Which solving strategy is better for arithmetic tasks, the school-taught algorithmic approach or the number-based strategies, is an ongoing discussion especially in relation to students with learning difficulties in mathematics. In a Danish context, focus in the curriculum has been on teaching number-based strategies since 2001. A prerequisite for using number-based strategies is an adequately developed number sense. Thus, Linsen et al. (2015) found that although numerical magnitude processing skills was linked to both mental and algorithmic computation methods the relationship was stronger for mental computation. Studies of students’ solving strategy have shown that school-taught algorithms were often their first choice (Reys & Chang, 1998) even if test items were designed to evoke number-based strategies (Torbeyns & Verschaffel, 2016). The aim of this study was to investigate Danish low-achieving students’ arithmetic ability. The specific research questions were (1) whether the proportion of correct answers differed between boys and girls in general, (2) the extent to which the ability to solve a more advanced arithmetic problem correctly (e.g. division) differed with the ability to solve a less advanced problem (e.g. subtraction), and (3) finally, whether this link between ability to solve problems correctly between arithmetic operations interacted with gender. Data consist of 531 Danish eight grade students’ (boys 306) correct and wrong answers to arithmetic problems in a computerized diagnostic test. The students participated in an intervention for low achieving or less motivated students to prepare them for further education. The test was administered before the intervention. For this analysis, we have selected one whole-number problem from each arithmetic operation (87+15; 806-456; 83*15; 4032:8) based on the criteria: fewest correct answers, most not answered and most wrong answers, in that order. All problems involve carrying and are more complicated to solve algorithmically than by the use of number-based strategies. In all problem types except addition, boys had more correct answers than girls. The probability of solving an advanced problem correctly was significantly depending on the ability to solve less advanced problems, but did not interact with gender. Hence, while the division problem was solved correctly by 47% (95% CI: 41-54%) of the students who had solved the multiplication problem correctly, only 18% (14-22%) of the students who had failed solving the multiplication problem correctly were able to solve the division problem. Likewise, the division problem was solved correctly by 35% (31-41%) of the students who had solved the subtraction problem correctly and only 21% (15-28%) of the students who had failed solving the subtraction problem correctly was able to solve the division problem. The results supports the notion that difficulties in basic arithmetic operations are linked to the ability to manage more advanced arithmetic operations.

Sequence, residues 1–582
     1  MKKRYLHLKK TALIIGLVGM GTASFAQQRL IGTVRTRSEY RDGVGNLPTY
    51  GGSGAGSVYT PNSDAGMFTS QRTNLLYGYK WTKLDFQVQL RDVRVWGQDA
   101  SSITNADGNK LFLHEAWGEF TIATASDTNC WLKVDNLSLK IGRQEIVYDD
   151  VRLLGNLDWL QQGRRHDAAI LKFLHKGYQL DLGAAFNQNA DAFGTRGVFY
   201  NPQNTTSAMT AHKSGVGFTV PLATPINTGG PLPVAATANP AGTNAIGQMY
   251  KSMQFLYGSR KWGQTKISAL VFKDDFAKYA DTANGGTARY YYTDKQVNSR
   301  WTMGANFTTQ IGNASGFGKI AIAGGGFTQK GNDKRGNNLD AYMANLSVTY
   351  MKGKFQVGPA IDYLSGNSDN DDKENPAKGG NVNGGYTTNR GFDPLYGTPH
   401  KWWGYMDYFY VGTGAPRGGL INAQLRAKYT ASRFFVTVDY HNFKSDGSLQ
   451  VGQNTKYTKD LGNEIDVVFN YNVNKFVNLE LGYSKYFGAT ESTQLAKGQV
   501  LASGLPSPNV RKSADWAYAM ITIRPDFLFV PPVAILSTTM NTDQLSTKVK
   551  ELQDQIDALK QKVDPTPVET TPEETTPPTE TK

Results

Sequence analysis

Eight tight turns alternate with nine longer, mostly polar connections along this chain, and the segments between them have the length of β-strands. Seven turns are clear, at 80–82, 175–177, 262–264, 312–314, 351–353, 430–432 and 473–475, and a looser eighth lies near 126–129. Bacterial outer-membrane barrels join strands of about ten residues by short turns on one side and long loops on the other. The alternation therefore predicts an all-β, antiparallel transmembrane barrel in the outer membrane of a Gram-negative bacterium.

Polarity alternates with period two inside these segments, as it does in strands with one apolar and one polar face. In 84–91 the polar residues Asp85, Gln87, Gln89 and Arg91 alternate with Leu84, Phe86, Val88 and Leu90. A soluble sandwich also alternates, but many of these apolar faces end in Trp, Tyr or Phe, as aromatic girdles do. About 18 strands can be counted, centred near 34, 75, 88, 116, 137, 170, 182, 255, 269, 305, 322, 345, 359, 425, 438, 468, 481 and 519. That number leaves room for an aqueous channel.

|Publikationsdato||23 maj 2018|
|Status||Udgivet - 23 maj 2018|
|Begivenhed||Norsma 9: The Nordic Research network on Special Needs Education in Mathematics - Vaasa, Finland|
Varighed: 21 maj 2018 → 23 maj 2018
|Konference||Norsma 9: The Nordic Research network on Special Needs Education in Mathematics|
|Periode||21/05/18 → 23/05/18|